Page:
Supplemental Comparative Billing Report for Hospices
October 17, 2013 12:50 PM
SafeGuard Services released Supplemental Report for CBR027: Hospice Services Findings from a Retrospective Cohort Study. For this report, the claims data of 15,797 hospice patients who died over a seven day period in May 2013 was analyzed for the type of services utilized, the diagnosis at time of death and the length of stay.
In June 2013, a Comparative Billing Report (CBR) was disseminated to 3,459 hospice agencies in the country. The report compared individual hospice utilization data to regional and national utilization measures. The CBR study, however, did not provide data on overall length of stay in hospice per beneficiary or the top diagnoses among hospice patients. Moreover, according to the report, Centers for Medicare & Medicaid Services (CMS) hospice subject matter experts (SMEs) indicated that General Inpatient Care (GIP) might be insufficiently offered by hospice agencies. This supplemental report takes a look at these areas of hospice care delivered to Medicare patients.
The report compared the average number of days a patient is receiving hospice care to the average number of days between the first date a patient ever enrolled in hospice to the time of death while enrolled in hospice. The supplemental report found that, on average, a hospice patient utilized hospice services for 80.34 days and, on average, the lapsed time between first enrolling in hospice to dying while enrolled in hospice was 110.21 days.
There was a significant difference of almost 30 days between these two measures of length of stay meaning that, on average, a patient received hospice care for 80.34 consecutive days prior to the date of death but due to a previous enrollment and subsequent revocation/discharge a total of 110.21 days lapsed between the patient’s initial enrollment in hospice care to the day of death and the patient almost 30 days of non-hospice care over the course of the 110.21days.
The report cites CMS data indicating that the primary diagnosis at time of enrollment in hospice and at time of death remained the same and is consistent with other reported data on diagnosis at time of death. The top 20 diagnoses at time of death continue to move toward more neurological diseases and less cancer diseases. In accordance with this shift, the average number of days in hospice has also increased. The supplemental report data specifically shows an average length of stay for “debility” to be 117 days while CMS’ data for debility in 2009 was 83 days.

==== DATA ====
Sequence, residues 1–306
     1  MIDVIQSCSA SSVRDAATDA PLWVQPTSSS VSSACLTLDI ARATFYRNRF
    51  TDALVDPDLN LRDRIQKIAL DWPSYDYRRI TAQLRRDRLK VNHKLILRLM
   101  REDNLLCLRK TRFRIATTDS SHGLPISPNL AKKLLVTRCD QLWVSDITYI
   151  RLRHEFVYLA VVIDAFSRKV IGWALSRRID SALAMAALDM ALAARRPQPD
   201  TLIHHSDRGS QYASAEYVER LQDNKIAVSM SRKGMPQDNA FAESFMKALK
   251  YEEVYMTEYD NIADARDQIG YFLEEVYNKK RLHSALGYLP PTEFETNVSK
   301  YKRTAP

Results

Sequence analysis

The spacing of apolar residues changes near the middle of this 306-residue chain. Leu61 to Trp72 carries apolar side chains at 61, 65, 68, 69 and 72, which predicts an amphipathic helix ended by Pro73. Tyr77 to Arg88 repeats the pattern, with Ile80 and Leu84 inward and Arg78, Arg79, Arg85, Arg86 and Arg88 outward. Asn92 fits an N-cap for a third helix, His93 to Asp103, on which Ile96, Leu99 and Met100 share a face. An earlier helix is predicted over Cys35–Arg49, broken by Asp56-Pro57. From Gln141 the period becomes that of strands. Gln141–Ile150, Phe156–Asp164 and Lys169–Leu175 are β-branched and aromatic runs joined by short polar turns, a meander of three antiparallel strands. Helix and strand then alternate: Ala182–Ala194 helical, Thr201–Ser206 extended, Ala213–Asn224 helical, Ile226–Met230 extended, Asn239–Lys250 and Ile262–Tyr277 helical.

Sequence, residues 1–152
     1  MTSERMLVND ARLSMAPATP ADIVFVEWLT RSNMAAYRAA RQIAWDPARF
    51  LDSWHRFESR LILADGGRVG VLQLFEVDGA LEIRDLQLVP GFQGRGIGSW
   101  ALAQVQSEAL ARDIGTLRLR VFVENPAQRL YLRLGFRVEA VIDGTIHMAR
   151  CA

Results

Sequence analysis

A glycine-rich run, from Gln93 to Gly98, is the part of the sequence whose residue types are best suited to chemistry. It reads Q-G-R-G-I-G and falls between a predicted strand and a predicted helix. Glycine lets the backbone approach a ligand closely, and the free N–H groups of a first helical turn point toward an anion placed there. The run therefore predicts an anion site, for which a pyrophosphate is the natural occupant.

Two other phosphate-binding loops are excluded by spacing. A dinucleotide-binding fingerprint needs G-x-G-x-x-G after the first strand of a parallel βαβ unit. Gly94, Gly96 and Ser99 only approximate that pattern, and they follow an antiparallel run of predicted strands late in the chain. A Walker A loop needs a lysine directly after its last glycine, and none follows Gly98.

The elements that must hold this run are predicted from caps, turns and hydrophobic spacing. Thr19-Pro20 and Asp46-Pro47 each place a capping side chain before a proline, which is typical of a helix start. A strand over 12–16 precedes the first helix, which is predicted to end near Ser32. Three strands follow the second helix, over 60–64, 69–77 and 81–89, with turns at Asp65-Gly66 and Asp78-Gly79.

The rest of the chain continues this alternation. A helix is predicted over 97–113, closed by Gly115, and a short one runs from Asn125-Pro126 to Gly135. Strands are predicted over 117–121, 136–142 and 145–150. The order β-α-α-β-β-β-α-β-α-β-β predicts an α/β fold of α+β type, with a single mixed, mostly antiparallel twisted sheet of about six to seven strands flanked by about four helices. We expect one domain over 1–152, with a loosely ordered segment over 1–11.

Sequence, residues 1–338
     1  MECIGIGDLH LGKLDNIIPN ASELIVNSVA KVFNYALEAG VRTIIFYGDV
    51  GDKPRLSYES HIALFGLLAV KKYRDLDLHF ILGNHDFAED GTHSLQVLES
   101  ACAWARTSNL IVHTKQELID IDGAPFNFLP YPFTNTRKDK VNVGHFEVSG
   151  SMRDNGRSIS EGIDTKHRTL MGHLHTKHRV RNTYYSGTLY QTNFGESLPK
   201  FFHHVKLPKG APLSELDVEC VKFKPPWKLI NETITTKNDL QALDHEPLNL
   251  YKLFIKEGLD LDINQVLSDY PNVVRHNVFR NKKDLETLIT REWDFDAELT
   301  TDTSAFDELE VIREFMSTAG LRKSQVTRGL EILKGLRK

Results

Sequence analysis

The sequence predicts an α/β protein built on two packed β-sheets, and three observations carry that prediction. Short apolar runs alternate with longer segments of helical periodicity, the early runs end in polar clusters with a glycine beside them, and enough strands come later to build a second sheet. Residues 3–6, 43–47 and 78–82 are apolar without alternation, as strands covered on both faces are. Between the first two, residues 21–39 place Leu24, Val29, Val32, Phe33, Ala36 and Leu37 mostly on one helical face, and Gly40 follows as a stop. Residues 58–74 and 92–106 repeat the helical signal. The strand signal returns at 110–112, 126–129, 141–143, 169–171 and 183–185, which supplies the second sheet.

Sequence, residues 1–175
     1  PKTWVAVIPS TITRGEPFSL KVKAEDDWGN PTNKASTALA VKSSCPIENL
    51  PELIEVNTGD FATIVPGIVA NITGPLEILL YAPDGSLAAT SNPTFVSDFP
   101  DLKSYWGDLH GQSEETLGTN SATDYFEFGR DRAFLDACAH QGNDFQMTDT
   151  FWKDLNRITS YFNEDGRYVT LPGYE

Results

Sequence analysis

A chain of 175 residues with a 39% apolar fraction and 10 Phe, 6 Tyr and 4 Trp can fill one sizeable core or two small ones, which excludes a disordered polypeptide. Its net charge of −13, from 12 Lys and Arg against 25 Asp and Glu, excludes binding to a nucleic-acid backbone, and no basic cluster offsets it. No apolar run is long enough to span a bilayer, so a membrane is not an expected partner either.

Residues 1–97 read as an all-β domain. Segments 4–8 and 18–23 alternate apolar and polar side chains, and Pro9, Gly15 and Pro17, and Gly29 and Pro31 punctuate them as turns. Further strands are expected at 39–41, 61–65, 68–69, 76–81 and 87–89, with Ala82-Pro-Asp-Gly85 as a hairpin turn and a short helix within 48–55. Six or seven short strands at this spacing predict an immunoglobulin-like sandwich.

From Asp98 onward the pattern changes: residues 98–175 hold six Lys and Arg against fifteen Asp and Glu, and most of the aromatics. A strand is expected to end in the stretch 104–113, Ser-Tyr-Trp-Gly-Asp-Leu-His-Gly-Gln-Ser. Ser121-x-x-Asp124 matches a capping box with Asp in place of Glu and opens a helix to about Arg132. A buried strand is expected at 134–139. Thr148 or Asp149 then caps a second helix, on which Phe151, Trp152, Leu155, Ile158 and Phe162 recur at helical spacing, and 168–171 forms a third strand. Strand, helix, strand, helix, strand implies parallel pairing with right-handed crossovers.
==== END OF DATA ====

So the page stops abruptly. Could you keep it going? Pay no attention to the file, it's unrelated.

Of the 1,294,480 hospice days of service for the 15,797 hospice patients reviewed, the majority of services were billed under the Routine Home Care revenue code. The next largest revenue code used was General Inpatient Care at only 1.95% of all revenue codes used. The site of service for the majority of the patients (70.1%) was within their home (private and assisted living). Almost 20% of all hospice days occurred in a long term nursing facility followed by 6.83% in a skilled nursing facility. Over 50% of all hospice days are devoted to the care of “Debility”, “Dementia”, “Alzheimer’s” and “Adult failure to thrive”. The average length of stay in hospice for all diagnoses was 160.64 days, but overall hospice patients in this cohort had Alzheimer’s as a primary diagnosis for 181.96 days on average.
SafeGuard Services indicated in this report that it has been implied that GIP care is not sufficiently available for hospice patients. The data showed that only 25,276 (1.95%) hospice days were delivered to this group of hospice patients and the majority of these occurred in an inpatient hospice facility (70.22%).
To be clear, this is a supplemental report and hospices will not be receiving an additional CBR comparing their performance in the areas studied in this report. It is interesting to note that in gathering data for the report, SafeGuard Services found that one fifth of hospices agencies active in 1999 had closed by 2009.